I Googled ‘how to read music.’ I got 3,670,000,000 results. “How to read music” has the same number of online results as Pluto’s average distance from the Sun (in miles). That’s three billion, six hundred seventy million.
Learning to read music has nearly quadruple the content as another frequently-searched topic: Donald Trump, who has 924,000,000 results. (Donald Trump is 2,746,000,000 articles and videos behind learning to read music).
A lot of people want to learn how to read music, and a lot of music teachers want to help their students to learn how to read music better.
Sometimes the best teachers are the ones who had to struggle to learn the subject, themselves. The best math teacher I ever had confessed one day that he had majored in English. His own effort to learn math made him search to explain it to us in ways we would understand.
Confession time: as a child I was a reluctant, hesitant reader. It was more natural for me to learn by ear. I was lucky to have a teacher (my sister) who went with the flow. Had I started with another teacher in the 80s I may have fallen through the cracks or been misunderstood or quit.
When children take longer to learn how to read music, when they can’t seem to master it, piano teachers can run out of ideas on how to help them learn to read. Some teachers genuinely want to help these kids. Others get frustrated. It’s almost like they think the student is “cheating” or “rebelling.” Actually, they’re just being themselves.
The Good News
The good news is that it is possible to teach everyone to learn how to read music. If I can, anyone can.
There are several important components that make up the process we call “reading music.” They are:
- Comprehension – knowing what you see (the pitch, rhythm, what the finger numbers mean, symbols for loud and soft and other expressive indications).
- Application – knowing where on the instrument to play what you see, knowing how to play rhythms, finger numbers, staccato, legato, piano and forte.
- Coordination – developing the eye-brain-hand coordination to seamlessly meld the first two factors (comprehension and application).
- Aural confirmation – the ear’s feedback loop, the real-time assessment that what you just played was indeed what was written. This is important because it helps to keep you on track or adjust as you read and play forward.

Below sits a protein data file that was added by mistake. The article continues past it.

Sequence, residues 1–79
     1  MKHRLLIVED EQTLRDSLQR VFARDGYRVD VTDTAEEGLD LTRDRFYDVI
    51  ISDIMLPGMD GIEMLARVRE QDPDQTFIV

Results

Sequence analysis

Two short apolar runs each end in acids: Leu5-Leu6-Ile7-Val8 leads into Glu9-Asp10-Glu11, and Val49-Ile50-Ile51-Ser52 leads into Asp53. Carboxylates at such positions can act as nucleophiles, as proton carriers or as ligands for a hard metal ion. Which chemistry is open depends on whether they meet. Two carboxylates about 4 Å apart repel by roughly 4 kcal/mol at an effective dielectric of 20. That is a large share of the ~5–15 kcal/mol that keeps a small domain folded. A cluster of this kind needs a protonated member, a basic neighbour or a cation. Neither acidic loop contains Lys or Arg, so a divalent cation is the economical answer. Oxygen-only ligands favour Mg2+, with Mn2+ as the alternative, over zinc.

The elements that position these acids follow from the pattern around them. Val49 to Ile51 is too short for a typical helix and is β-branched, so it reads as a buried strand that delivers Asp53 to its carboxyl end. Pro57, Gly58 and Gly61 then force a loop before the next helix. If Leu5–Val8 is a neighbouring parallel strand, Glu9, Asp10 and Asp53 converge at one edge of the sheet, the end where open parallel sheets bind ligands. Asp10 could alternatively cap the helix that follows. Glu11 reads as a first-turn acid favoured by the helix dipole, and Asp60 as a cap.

- Consolidation – the ability to simultaneously recognize and process what you see, how to apply it to the instrument, coordinate the physical responses, and hear while you look ahead to what comes next. This is reading fluency.
(As musicians advance, the ear becomes integral with the reading process with ‘audiation,’ imagining the sound as it is read. Audiation does not always include playing at the same time, which is the focus of this article.)
Many books, online articles, piano methods, teachers and programs are very good at teaching the visual and doing aspects of reading music. Here is a symbol. This is what it means. This is how you “do” the symbol. If you need help with factors one and two, I’ll recommend the other 3,670,000,000 articles you’ll find online.
This article is different. Here you will find a gentle and stress-free idea of someone who has worked very hard to become a fluent reader. I know what it’s like to struggle, and wish to relieve the struggle of others like me, or others teaching students like me.
It isn’t enough to simply focus on the symbols and how to do the symbols. If you want to be or create a fluent reader, your strategy must include all the factors mentioned above. Furthermore, you must discover what else is holding you or your student back.
What’s holding you back?
Some struggle with reading, even after years of learning to play the piano. You may have already learned your note names and rhythms and perhaps can play music quite well. It’s just that there’s something preventing you from moving to the next level of reading fluently with confidence. There are several common things holding pianists and students back from becoming fluent readers of music:
- Self-doubt – past failed experiences will play on the mind and cause insecurity while sight reading. The stress will interfere with clear comprehension and realization.
- Nervousness – adrenaline will compromise the focus.
- Heightened distractibility – the fight or flight fear kicks in and everything happening in the room suddenly becomes a distraction from focusing calmly on the process of reading and playing simultaneously.
- Coordination barriers – while the notes may be comprehended, there is little ability to seamlessly apply what is understood. Reading seems choppy, stop-and-go, unsure.
- Key dependency – The eyes may already be addicted to watching the hands on the keys, essentially “babysitting” the fingers. The reader doesn’t trust that they’d be able to play without watching their hands, so there is no established ability to track the notes visually and play at the same time.
- Unrealistic expectations of perfection – there is a false notion that good readers play music perfectly, and therefore any mistake is a sign of failure, which in turn feeds self-doubt and increases nervousness, which leads to a breakdown in the reading flow and possibly giving up.